Kopitiam is Hokkien (I think) for "ka fei dian", a Mandarin term that translates to coffee shop. They are usually more akin to "stalls" then a "store", because most such establishments are part of a hawker centre.
In Singapore, most coffee shops are run by Chinese, typically a man slightly over fifty, wearing a white sweatshirt that barely conceals his pot belly and is probably beginning to bald. His smile is warm and friendly, and he handles the many different devices used to prepare your beverage with skill and grace. He also swears a lot, but then most people do when speaking in the Hokkien dialect.
While it is referred to as a "kopitiam", these coffee shops serve a lot more than just a cup of coffee. You can get tea, coffee, milo, as well as various soft drinks, and they also serve breakfast, which can range from roti pangan (roti kaya) to half-boiled eggs.
Even the drinks themselves come in different varieties. Here are some examples:
Perhaps I'll write some proper BNF to describe the ordering process one day.
From my own personal observations, the kopitiam "uncle" (ie. the shop owner) normally has two large "jugs", one filled with concentrated coffee and the other with concentrated tea. After an order is made, a cup already containing sugar is taken and filled with some of this concentrated beverage. Boiling hot water from a dispenser nearby is then added, and finally the various "extra" ingredients are mixed in, like milk. This process takes about less than 30 seconds.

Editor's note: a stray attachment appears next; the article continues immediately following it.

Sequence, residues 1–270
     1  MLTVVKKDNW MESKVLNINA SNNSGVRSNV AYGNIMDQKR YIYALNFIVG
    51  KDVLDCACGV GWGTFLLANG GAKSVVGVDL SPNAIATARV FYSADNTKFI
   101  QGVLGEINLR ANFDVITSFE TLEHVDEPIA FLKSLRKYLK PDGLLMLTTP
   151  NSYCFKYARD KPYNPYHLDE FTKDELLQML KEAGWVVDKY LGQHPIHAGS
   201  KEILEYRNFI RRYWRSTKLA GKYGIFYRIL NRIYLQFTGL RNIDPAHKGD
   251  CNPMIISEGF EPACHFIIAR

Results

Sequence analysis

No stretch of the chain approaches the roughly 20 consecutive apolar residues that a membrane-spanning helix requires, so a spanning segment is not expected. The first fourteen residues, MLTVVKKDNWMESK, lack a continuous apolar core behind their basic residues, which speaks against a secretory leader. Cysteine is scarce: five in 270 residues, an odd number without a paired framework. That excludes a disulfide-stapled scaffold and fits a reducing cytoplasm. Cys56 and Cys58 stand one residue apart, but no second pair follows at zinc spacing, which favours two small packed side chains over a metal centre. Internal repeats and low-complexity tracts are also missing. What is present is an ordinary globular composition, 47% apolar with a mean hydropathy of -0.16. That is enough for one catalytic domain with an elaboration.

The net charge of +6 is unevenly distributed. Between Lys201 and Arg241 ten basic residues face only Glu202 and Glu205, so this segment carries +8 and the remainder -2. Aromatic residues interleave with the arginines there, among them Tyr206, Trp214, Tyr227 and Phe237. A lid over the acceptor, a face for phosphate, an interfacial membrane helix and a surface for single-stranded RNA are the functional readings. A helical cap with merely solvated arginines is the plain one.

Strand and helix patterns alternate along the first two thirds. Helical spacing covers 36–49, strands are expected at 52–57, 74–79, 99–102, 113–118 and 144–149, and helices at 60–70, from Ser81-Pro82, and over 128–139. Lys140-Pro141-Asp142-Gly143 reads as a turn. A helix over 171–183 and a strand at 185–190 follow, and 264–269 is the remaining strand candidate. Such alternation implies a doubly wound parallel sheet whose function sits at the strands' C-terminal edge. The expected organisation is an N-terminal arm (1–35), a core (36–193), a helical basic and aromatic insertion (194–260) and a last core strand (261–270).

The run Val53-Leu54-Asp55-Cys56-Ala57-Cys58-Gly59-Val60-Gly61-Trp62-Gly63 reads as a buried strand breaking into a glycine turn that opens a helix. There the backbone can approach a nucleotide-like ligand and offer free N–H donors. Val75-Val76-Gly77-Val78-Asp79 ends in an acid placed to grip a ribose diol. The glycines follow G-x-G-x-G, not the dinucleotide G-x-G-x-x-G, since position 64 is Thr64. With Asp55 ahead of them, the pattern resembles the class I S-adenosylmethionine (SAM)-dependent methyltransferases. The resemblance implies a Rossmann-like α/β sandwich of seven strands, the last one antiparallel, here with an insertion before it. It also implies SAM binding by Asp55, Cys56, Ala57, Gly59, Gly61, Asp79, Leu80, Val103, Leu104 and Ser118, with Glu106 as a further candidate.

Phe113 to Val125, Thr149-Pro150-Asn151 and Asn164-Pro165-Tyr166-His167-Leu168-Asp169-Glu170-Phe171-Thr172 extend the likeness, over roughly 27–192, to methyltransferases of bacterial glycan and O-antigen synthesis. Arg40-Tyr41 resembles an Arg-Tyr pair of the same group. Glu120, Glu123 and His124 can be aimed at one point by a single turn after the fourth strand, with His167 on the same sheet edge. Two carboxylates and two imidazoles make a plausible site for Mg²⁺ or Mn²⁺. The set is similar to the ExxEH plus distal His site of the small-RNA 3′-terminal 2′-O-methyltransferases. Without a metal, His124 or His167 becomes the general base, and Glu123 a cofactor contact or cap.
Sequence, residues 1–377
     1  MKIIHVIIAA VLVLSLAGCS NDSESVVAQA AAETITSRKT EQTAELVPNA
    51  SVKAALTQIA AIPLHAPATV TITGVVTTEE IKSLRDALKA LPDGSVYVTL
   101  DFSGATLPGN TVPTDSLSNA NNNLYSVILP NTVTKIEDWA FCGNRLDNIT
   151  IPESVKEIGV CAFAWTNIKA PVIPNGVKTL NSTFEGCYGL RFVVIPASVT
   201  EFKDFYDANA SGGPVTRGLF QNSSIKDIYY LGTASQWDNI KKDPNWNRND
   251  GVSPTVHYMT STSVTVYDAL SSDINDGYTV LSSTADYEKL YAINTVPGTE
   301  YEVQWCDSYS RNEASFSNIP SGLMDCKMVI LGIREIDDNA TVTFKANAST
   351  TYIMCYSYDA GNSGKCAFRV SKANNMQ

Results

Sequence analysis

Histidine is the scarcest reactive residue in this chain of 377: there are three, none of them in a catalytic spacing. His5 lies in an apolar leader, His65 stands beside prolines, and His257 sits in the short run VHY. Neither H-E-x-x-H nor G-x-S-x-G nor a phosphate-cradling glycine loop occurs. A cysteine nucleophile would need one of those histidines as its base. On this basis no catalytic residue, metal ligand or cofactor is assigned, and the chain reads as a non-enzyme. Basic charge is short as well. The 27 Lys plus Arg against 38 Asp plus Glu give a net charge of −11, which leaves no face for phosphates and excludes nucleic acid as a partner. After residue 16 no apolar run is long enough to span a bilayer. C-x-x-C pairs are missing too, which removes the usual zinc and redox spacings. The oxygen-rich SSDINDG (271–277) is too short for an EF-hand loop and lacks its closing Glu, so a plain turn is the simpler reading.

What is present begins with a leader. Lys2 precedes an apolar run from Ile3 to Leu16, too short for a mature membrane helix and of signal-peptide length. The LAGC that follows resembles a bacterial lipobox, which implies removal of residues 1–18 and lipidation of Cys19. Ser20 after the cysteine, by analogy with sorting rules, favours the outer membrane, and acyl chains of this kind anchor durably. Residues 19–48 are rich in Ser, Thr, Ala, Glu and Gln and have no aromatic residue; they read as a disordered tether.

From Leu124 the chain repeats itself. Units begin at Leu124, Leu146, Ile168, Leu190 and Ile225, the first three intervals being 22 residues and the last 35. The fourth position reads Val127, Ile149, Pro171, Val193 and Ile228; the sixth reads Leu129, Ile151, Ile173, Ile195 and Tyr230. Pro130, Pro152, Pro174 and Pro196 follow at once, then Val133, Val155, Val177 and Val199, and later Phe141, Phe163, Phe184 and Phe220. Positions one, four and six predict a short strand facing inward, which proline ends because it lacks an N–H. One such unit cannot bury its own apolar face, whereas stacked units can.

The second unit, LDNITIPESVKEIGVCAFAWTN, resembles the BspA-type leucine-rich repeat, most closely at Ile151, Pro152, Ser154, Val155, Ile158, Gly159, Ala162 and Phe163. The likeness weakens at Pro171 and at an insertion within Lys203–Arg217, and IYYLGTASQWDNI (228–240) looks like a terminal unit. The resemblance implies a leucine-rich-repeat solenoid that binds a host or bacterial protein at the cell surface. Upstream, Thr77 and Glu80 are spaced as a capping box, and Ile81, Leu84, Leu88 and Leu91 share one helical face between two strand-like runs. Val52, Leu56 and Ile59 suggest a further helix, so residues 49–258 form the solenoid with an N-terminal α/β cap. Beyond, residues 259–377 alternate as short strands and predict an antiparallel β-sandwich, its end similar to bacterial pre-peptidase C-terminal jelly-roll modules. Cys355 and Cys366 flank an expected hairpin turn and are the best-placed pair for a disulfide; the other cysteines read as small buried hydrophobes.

The food and drink may be good, but it is also important to note the cultural significance of the kopitiam. Kopitiams normally open early in the morning, at around 6am, and serve the morning crowd who like to get a quick breakfast before going to work. The kopitiams normally have circular tables that can sit around 4-8 people, and so regular patrons of a kopitiam will generally befriend one another and sit together.
Later in the day, the kopitiam serves as a place to take a break and sip on some coffee while reading the newspaper, or chat idly with friends. In the late morning, especially, you will find many elderly folks (predominantly men) sitting there talking away, quite often with the shopkeepers as well.
As such, the word kopitiam nowadays is also used to describe any place where people congregate and chat idly and amicably. If you search for the word "kopitiam" on the Internet, you'll be likely to find many "cyber-kopitiams", which are basically web boards where free discussion is allowed and encouraged.
You always feel at home in a kopitiam.